The English Football League have issued a statement to clarify why Sheffield Wednesday wore their blue home kit against Millwall.
Referee Tim Robinson instructed the Owls to change their strip just a few hours before Tuesday's goalless draw at The Den.
Robinson told Wednesday manager Steve Bruce at 4pm that his team would have to wear their home blue-and-white kit, despite the Lions already being set to wear their traditional dark blue strip.
Bruce and his opposite number Neil Harris were left perplexed by Robinson's call.
An EFL spokesman told The Star: “The prospect of a potential kit clash was raised in advance of last night’s fixture between Sheffield Wednesday and Millwall at the New Den. On arrival the match referee assessed all available options in advance of kick-off, which included the visitor’s home, away and 3rd kits.
“Following consultation with both Clubs, it was determined that various elements of Sheffield Wednesday’s yellow and black kit clashed and, as a result of a number of concerns, the selected kit was agreed as the most appropriate option."
Bruce questioned why Robinson did not allow the Owls to wear their yellow away strip.
"It was the referee’s call," he said. "We were bamboozled at four o’clock when we got the phone call and the referee chose the blue and white.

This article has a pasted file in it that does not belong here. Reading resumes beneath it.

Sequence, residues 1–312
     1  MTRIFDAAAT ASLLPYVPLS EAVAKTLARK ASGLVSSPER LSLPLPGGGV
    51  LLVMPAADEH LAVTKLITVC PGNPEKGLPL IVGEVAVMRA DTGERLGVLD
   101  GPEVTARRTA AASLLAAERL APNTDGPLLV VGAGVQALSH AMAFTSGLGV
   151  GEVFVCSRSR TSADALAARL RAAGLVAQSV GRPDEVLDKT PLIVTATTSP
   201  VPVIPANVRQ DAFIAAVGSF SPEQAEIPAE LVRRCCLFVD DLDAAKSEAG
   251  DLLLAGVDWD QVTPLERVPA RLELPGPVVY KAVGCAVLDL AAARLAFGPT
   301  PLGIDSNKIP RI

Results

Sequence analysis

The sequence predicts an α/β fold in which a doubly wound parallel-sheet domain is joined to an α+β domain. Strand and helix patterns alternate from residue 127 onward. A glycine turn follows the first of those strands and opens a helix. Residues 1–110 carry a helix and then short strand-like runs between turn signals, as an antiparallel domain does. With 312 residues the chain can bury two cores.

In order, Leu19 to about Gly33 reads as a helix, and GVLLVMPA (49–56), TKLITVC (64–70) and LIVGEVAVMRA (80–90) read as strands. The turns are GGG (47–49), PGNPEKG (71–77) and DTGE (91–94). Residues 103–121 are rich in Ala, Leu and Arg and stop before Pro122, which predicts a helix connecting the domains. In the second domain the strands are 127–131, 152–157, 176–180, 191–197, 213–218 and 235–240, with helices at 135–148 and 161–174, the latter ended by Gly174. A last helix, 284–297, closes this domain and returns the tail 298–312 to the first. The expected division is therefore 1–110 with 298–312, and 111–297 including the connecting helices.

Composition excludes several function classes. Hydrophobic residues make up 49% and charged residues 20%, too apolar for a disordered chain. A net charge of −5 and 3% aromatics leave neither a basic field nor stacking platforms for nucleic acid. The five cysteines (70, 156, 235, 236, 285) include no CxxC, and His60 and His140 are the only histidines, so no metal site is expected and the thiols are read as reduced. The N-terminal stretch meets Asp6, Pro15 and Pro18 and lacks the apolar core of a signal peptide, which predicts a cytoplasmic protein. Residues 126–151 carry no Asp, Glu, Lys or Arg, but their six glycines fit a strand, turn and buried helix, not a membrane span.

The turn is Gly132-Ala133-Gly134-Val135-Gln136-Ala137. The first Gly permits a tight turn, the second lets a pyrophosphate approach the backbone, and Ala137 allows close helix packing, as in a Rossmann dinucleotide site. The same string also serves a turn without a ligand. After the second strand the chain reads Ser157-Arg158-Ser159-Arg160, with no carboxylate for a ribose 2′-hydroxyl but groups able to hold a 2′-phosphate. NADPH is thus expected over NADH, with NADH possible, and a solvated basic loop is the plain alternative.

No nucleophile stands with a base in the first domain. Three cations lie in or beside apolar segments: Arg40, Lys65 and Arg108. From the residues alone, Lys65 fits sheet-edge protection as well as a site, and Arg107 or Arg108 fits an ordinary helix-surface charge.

"I have always thought they [Millwall] played in dark blue so you better get the referee up here and question him.
“We were absolutely shocked that we didn’t play in our yellow kit. Apparently we have got a navy stripe down the sleeve and I think he [the referee] wasn’t happy with that so you better go and ask him but I was baffled. It was certainly a strange decision."
He felt it was a factor in their below-par first half showing, claiming the kit clash contributed to the result.
Bruce quipped: "Both teams had a colour clash with the strips and forgot how to pass it to each other."
Chances were few and far between as the two teams played out a dull stalemate.
On the kit clash, Millwall boss Harris said: "It was a bit strange. It wasn't as bad pitch side. The players did not moan about it.
"What I have just said to the guys downstairs is when you are on the pitch and you are talking about some excellent footballers, those players don't need to be facing a player to be able to make the pass, they can see him out of the corner of their eye. And make passes around corners, you couldn't do that tonight.
“In the modern day, should there be that closer clash? I don't think so and there is no excuse for it. It didn't affect the players so there are no complaints from us."